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[15] The corresponding potential density profiles are shown in Figures 6b, 6d, and 6f. The surface heat loss and the resultant vertical mixing causes the density increase in the top 600 m in FORTE, the top 200 m in HadCM3 and the top 150 m in HadGEM1. The effect of heat loss on potential density above 600 m is of interest because this is the approximate height of the Denmark Strait sill. Under conditions of hydraulic control the transport of water denser than a given density, σθcrit, through the Denmark Strait will be proportional to the upstream height of the σθcrit isopycnal above the sill [Whitehead, 1998]. Köhl et al. [2007] have recently argued that this relationship holds for transport variability of timescales greater than a week. Although not sufficient to confirm the hydraulic control of DSOW transport [Girton et al., 2006], the results in Figure 6 are consistent with this mechanism. That is, to say in years of strong heat loss (and increased DSOW transport), the density of the water in the near surface layers increases which implies an upward displacement of specific isopycnals relative to the depth of the sill.

[16] The detailed time evolution of the ocean changes occurring in response to strong Nordic Seas heat loss are now investigated using the FORTE model runs. Here we present results for the P550 experiment. The variation of temperature anomaly with depth along a path (see Figure 2) running from the Nordic Seas through DS and into the Irminger Basin, at various times with respect to the start of the imposed anomaly, is shown in Figure 7. During the second month in which the heat flux anomaly is applied there is a reduction in the surface temperature of 2.5°C but no major change with depth (Figure 7a). By month 4, vertical mixing of the cold surface water causes a 2.5°C temperature decrease at around 700 m. In addition, because the Nordic Seas have a subsurface temperature maximum at around 400 m, the mixing results in a warming of the surface layer [Gamiz-Fortis and Sutton, 2007]. The cold anomaly begins to spread along the track to ward the DS (Figure 7b). By month 8 this anomaly has propagated over the DS sill and is confined to the column adjacent to the sill, reaching a depth of 2000 m (Figure 7c). Nearly a year after the heat flux signal was first applied the cold water anomaly can be seen as a plume spreading out into the Irminger basin while a strong residual feature of up to 1.5°C remains at depths of 400–800 m in the Nordic Seas (month 12, Figure 7d). A feature of z-layer models is that the dense water tends to mix too efficiently on the down stream side of a sill. A well-documented consequence of this is that the return flow of the meridional overturning circulation is too shallow [e.g., Winton et al., 1998; Tang and Roberts, 2005]. Observations suggest that on exiting the DS, cold overflow waters are conserved to a greater extent than indicated in Figure 7d [Tang and Roberts, 2005]. This feature of z-layer models does not influence the manner of response of DSOW to Nordic Seas heat flux anomalies, which is our main result.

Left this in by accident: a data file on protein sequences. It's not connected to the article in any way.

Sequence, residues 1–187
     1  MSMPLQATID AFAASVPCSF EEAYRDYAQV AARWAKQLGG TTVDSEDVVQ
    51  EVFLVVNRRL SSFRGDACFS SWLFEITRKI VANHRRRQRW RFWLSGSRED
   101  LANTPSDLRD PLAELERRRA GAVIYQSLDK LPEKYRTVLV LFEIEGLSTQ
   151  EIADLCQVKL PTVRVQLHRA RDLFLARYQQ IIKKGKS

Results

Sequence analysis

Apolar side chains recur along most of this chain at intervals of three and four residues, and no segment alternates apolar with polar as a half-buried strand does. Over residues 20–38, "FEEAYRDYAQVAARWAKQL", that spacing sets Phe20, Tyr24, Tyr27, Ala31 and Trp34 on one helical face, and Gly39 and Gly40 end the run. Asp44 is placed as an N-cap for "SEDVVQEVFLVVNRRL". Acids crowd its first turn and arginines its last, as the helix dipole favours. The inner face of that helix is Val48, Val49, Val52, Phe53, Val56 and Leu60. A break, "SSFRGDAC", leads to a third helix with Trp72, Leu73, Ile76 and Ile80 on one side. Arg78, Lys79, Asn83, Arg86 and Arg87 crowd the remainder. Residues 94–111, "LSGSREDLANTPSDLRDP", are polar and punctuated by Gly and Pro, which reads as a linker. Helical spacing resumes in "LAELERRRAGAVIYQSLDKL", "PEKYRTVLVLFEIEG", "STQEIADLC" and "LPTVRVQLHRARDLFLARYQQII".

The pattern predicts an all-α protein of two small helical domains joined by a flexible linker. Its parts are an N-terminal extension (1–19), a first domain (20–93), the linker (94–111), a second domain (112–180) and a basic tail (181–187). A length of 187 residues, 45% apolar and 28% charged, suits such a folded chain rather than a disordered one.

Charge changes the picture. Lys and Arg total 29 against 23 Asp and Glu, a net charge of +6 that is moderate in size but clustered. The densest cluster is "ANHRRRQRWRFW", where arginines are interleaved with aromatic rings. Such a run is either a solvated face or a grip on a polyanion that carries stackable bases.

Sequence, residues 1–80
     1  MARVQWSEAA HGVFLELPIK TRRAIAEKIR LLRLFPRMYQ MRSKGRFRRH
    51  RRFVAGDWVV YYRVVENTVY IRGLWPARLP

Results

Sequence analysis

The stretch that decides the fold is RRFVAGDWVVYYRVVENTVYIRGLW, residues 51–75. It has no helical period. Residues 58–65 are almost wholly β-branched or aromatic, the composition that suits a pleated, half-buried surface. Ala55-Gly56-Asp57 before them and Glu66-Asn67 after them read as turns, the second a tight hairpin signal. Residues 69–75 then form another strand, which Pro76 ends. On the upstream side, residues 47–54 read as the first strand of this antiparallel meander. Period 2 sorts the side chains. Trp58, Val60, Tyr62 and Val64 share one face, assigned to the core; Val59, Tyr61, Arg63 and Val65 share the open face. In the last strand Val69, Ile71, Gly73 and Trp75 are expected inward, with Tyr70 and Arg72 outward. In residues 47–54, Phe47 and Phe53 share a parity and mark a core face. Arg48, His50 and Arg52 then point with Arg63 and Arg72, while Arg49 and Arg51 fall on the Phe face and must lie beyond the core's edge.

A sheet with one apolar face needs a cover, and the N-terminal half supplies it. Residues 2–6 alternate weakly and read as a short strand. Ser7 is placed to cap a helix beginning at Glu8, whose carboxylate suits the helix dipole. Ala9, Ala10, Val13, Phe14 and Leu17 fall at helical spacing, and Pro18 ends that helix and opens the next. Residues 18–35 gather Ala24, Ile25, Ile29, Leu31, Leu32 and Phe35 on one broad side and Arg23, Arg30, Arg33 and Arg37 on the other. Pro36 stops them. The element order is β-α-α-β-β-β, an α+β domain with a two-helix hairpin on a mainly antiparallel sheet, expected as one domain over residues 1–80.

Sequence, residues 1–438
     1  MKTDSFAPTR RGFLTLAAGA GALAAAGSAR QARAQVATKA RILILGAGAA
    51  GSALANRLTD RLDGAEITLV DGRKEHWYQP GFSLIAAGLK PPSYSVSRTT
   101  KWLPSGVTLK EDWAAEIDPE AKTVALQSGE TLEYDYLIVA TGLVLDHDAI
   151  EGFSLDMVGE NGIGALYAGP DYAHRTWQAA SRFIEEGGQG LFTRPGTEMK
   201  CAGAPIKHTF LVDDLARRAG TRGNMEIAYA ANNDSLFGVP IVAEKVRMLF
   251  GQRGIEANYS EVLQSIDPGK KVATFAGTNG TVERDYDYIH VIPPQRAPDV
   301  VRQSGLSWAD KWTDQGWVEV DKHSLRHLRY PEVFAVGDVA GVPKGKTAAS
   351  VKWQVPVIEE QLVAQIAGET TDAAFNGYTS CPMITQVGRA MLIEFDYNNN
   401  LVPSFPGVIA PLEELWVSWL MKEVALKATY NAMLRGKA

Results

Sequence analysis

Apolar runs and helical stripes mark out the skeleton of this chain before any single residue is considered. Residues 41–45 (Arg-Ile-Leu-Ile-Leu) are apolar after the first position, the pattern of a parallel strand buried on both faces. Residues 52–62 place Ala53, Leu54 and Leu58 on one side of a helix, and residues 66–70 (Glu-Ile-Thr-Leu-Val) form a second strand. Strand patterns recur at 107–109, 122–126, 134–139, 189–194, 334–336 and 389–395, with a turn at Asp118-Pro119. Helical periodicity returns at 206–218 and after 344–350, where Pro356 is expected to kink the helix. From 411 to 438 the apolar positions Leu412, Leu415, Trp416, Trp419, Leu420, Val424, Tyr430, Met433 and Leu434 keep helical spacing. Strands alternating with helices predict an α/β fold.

image

Figure 7. Cross section showing the variation of temperature anomaly (°C) with depth (m) in the P550 FORTE experiment along the path (shown in Figure 2), running approximately NE to SW from the Nordic Seas (NS) through Denmark Strait (DS) and into the Irminger Basin (IB). The anomalies are with respect to the control run and the fields are shown for various lags with respect to the start (December) of the imposed heat flux anomaly: (a) 2 months, (b) 4 months, (c) 8 months, and (d) 12 months. The letters denote grid cells for which time series are plotted in Figure 7.

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[17] The temporal evolution of the temperature anomaly at 4 key grid cells, labeled in Figure 7a, is shown in Figure 8. The region beneath the heat flux signal (point A) experiences a rapid drop in temperature, with the strongest cooling of 2.6°C reached 4 months after the start of the perturbation. This minimum is maintained for 2 months, subsequently the temperature returns over the course of the next 4–5 years to the value found in the control run. Points B and C, located north and south of the DS respectively, and point D, 1000 m below the southern edge of the sill, respond with increasing time and decreasing magnitude with distance from the heat flux anomaly. At B, the peak response is −1.7°C and occurs after 9 months; with values below −1.5°C being maintained for nearly a year. The potential density anomaly at point B is also shown in Figure 8 (right hand axis). The increase in the density of the DS waters associated with the temperature anomaly is clearly evident. South of the sill, the minimum values are −0.8°C at C and −0.1°C at D after 14 months. The response at point D is less pronounced than at C and is less than the standard deviation of the temperature anomaly time series. Analysis of the temperature at the southern side of the DS (point C) in the other integrations revealed the timescale of the response to be relatively insensitive to the magnitude of the heat flux.

image